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Tuesday, June 16, 2009
Endo's absence highlights value of Japan's passing game
National team manager Takeshi Okada was hoping to use Japan's final two World Cup qualifiers to learn more about the fringe members of his squad. But the first of those games, last Wednesday's 1-1 draw with Qatar, will have told him more about a player who will not take part in either.
Yasuhito Endo has been ruled out with a hamstring injury, and if Japan's apparent strength in depth suggested the midfield could cope with his absence last week in Yokohama, the performance proved otherwise.
Hideo Hashimoto and Yuki Abe filled the gap left by Endo and the suspended Makoto Hasebe in central midfield, but their inability to start moves and spark the attack in motion only served to highlight how important Endo is to Okada's side.
The Gamba Osaka man is the fulcrum of the team, picking up the ball in deep positions and using his exceptional vision and distribution to conduct the flow of the game like an NFL quarterback.
Center back Marcus Tulio Tanaka attempted to take up the slack in his absence, but without Endo to provide the touch and imagination, Japan looked desperately short of creative ideas.
That said, the fact that Endo was so badly missed could prove to be a headache when the action gets under way for real in South Africa. While Endo can do things that no other player at Okada's disposal can match, he also has idiosyncrasies that must be tolerated in order to make the most of his talent.
Endo has been so successful in the Asian qualifying zone because against inferior teams the priority for Japan is to unpick the lock rather than bolt the door.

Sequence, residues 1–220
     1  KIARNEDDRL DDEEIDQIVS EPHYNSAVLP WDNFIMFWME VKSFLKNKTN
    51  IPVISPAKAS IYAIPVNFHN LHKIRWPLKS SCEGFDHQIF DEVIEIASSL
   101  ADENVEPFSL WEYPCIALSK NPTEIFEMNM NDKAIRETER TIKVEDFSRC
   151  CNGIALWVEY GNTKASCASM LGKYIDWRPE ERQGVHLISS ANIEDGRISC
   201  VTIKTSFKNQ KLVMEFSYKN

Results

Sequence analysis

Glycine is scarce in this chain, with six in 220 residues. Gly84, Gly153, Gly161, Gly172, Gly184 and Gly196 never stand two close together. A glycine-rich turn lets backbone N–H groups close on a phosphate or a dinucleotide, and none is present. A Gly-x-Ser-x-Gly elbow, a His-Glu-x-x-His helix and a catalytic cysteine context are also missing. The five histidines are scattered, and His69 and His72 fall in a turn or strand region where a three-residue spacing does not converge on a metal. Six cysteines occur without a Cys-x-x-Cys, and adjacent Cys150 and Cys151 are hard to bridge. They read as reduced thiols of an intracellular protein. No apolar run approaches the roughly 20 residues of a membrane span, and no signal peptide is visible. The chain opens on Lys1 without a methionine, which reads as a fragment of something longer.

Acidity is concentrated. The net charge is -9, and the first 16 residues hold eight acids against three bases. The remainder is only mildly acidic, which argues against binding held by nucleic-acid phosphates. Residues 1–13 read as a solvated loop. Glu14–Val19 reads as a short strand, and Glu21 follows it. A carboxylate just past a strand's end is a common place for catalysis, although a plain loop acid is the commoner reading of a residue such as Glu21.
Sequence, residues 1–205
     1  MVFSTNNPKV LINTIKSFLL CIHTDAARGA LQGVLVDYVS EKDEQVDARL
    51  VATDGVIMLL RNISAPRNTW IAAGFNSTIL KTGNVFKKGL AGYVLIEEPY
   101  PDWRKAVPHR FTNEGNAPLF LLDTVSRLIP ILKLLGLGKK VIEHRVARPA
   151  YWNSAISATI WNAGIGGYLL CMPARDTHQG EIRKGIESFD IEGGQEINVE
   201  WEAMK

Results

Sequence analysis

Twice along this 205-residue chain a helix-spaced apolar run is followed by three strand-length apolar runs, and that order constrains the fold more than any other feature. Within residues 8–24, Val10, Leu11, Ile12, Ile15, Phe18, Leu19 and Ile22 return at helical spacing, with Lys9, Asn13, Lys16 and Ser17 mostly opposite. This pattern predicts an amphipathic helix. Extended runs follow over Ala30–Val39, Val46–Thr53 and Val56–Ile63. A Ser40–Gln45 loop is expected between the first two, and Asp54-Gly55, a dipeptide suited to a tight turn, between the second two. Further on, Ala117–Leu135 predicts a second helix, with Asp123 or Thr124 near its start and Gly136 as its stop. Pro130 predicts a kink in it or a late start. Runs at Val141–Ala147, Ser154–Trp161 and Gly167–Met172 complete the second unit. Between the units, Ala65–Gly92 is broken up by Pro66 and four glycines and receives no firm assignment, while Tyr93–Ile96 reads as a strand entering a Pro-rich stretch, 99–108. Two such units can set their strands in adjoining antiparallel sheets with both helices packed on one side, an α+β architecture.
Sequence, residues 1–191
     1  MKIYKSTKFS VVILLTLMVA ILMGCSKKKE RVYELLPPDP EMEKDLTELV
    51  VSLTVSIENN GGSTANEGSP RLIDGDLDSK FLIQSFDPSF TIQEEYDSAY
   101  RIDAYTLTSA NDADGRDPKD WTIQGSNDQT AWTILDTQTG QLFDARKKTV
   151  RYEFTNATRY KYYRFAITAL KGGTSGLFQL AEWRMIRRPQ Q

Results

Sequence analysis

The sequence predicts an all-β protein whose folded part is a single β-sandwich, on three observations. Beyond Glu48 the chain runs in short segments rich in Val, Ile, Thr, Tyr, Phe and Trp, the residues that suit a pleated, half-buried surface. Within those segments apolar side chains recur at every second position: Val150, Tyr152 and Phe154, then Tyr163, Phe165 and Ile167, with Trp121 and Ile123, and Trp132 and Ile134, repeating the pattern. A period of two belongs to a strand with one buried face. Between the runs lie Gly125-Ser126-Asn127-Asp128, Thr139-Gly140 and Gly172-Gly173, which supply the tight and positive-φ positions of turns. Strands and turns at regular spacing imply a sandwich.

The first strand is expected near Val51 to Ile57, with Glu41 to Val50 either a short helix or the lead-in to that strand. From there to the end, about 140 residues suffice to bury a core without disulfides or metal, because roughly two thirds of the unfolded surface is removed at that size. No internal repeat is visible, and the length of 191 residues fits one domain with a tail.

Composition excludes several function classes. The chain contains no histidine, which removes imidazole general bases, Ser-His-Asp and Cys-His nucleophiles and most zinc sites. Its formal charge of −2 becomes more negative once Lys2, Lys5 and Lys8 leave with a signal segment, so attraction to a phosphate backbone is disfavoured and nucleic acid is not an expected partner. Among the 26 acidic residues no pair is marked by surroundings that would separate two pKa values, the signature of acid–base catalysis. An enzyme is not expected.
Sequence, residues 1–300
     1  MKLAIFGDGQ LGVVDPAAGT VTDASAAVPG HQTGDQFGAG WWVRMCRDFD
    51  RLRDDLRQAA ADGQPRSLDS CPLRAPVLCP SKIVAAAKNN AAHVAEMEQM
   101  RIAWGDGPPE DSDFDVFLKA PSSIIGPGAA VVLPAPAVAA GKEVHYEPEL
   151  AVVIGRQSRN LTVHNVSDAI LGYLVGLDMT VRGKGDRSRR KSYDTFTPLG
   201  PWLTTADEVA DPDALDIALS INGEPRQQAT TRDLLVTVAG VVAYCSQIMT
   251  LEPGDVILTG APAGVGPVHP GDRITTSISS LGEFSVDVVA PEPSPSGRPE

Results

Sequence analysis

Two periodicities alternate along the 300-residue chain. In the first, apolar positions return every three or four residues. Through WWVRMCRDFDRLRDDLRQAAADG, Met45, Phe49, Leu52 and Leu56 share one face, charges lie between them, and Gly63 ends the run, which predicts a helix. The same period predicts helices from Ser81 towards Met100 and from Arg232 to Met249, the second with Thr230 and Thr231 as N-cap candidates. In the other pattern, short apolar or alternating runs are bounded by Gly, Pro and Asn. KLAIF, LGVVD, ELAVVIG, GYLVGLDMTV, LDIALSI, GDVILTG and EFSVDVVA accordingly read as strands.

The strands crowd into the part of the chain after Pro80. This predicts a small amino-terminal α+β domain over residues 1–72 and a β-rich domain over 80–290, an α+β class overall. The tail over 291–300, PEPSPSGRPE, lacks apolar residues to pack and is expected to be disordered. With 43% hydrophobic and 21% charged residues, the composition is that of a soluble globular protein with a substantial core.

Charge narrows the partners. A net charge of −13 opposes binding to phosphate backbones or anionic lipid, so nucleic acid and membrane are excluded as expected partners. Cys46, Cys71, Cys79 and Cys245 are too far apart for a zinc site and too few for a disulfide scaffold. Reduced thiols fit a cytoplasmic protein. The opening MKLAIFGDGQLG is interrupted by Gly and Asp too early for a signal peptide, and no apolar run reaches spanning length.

That will certainly not be the case at the World Cup, and there remains some doubt that a central pairing of Endo and Hasebe will have the defensive bite to cope with the powerful opponents they will have to face.
Hasebe has proven himself to be a fine all-rounder, able to attack and defend with equal distinction, but Endo is a far more specialist player.
At Gamba he has Hashimoto and Tomokazu Myojin on his shoulder to ensure he is not burdened too much by defensive duties, and although he can certainly tackle and work hard in Asian competition, the World Cup is a different matter altogether.
The modern game places emphasis on power and speed, and it is true that Endo's languid grace and unhurried demeanor can give him the appearance of a throwback to a bygone era.
There will be times when Okada may need to bulk up his midfield in South Africa, but Wednesday's insipid draw should be evidence enough that Endo must not be the one to be sacrificed.
For better or for worse, Japan's strength is its passing. Other teams are faster, bigger and more direct, but Okada's team has gotten to where it is now thanks to superior technique and a commitment to attacking principles.
The limitations of this approach have been exposed by teams of a less aesthetic nature, but it would be foolish to change course now.
If more brawn is necessary at the World Cup, it must not come at the cost of Endo's brain.